This article was originally posted on Business 2 Community.
As anyone in the advertising industry well knows, Google is in the spotlight. After announcing their identity management changes, it seems as though Google has thrown the entire advertising industry into a tailspin; one that has left most scrambling to understand what this means for their business. This could mean the end of 1:1 identity as we know it, or a new perspective on the identity conversation.
Google’s proposed plan includes the introduction of FLoC (federated learning of cohorts); a substitute for third-party cookies that groups users into cohorts based on their browsing patterns. In their essence, FLoCs take away from 1:1 personalization and instead create cohorts where individuals are indistinguishable from one another. As you might expect, the advertising industry was not thrilled by these changes. Oddly as it turns out neither are some regulators.
Why is this happening?
To be fair, Google isn’t exactly the bad guy here. Consumers, it seems, are torn between their desire for more personalized experiences and the protection of their data. Many of them don’t realize digital marketers rely on data to create relevant personalized experiences. This happens today primarily through the use of third-party cookies; a flimsy mechanism that does little to help brands identify and personalize because of their inaccuracy. Take, for example, each device, like a phone or computer. It would make sense that one device equals one person, right? Not the case. Each browser identifies you as a different person, making it difficult for brands to paint a concise picture of who you are, what you’re interested in and how you engage with them.
Understandably, brands are concerned about Google and Apple’s decision to join other internet giants, like Mozilla and Microsoft, to remove such essential technology with no clear alternative.
How do privacy regulations come into play?
The problem with Google’s changes that concern the ad industry is their insistence that they don’t plan to provide any sort of replacement for 1:1 identity purposes — but would instead allow other adtech platforms to do so. Google doesn’t believe that people-based identity solutions have a long-run future with the increasing privacy concerns of consumers.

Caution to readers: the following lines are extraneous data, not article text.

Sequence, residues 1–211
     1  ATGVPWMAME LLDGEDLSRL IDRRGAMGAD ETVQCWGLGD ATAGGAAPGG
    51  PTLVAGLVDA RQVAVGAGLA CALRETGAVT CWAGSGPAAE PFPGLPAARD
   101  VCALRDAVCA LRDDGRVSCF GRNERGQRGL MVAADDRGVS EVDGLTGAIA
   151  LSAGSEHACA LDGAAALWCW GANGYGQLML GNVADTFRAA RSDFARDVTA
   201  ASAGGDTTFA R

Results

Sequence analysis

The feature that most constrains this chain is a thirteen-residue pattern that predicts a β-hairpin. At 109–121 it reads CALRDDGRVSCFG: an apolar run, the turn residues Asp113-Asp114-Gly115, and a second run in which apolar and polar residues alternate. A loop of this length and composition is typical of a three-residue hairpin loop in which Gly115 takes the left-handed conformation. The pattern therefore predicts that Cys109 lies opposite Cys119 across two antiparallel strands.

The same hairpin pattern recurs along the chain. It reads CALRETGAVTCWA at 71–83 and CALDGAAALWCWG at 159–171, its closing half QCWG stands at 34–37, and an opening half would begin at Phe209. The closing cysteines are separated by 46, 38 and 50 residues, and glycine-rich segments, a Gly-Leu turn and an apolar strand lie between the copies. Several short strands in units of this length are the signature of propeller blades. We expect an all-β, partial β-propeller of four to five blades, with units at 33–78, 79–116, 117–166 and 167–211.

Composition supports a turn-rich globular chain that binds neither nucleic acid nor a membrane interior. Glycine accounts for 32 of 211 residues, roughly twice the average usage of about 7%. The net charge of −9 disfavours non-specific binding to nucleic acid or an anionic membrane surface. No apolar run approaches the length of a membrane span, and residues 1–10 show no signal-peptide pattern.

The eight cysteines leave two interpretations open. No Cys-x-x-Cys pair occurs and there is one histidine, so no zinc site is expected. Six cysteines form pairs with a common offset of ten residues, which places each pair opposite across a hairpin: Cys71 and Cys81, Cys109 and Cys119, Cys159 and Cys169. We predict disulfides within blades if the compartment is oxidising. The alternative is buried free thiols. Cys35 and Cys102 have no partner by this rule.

However, this simply is not true. Sure, privacy regulations such as CCPA and GDPR require the consent of users and a designated opt-out policy, but as long as the consumer consents, there are no regulations against brands collecting emails and other personal information from consumers. If there were any regulations of the type, every app, website and service would virtually become unusable. Digital identity has become such a staple of everyday digital use that the impact of preventing it would cause an almost complete digital meltdown.
What does this mean for the future of identity?
People-based IDs currently (and will continue to) face challenges revolving around scale and reach. Having seen significant growth in direct-to-consumer sales from brands wanting to increase their website traffic and build out an eCommerce strategy, most brands will continue to seek consent to use for their marketing efforts.
Google’s pivot from 1:1 identity will likely lead to a windfall for martech and adtech platforms that have built robust alternative identity technologies for 1:1 personalization. As a result, we should anticipate further growth of independent martech and adtech platforms as Google backs into its own walled garden, cutting itself off from the open web and leaving plenty of room for other platforms to thrive and help deliver for marketers in the space.
It’d be wrong to assume that Google will lose any traction with these changes. The tech giant will continue to gain momentum and use its plethora of consumer data to improve advertising on its owned media. In some sense, it feels like Google is reading from the Facebook playbook. While search and Youtube are the biggest revenue drivers for Google’s business, they also provide a hub for Google to continue its internal data mining as that data is often collected while consumers are logged in and constitutes consented “1st party” data. This will mean search and Youtube will become Google’s most important products over display advertising in the open web.
Could we see Google retreat entirely from selling ad tech tools altogether for the open web? Only time will tell.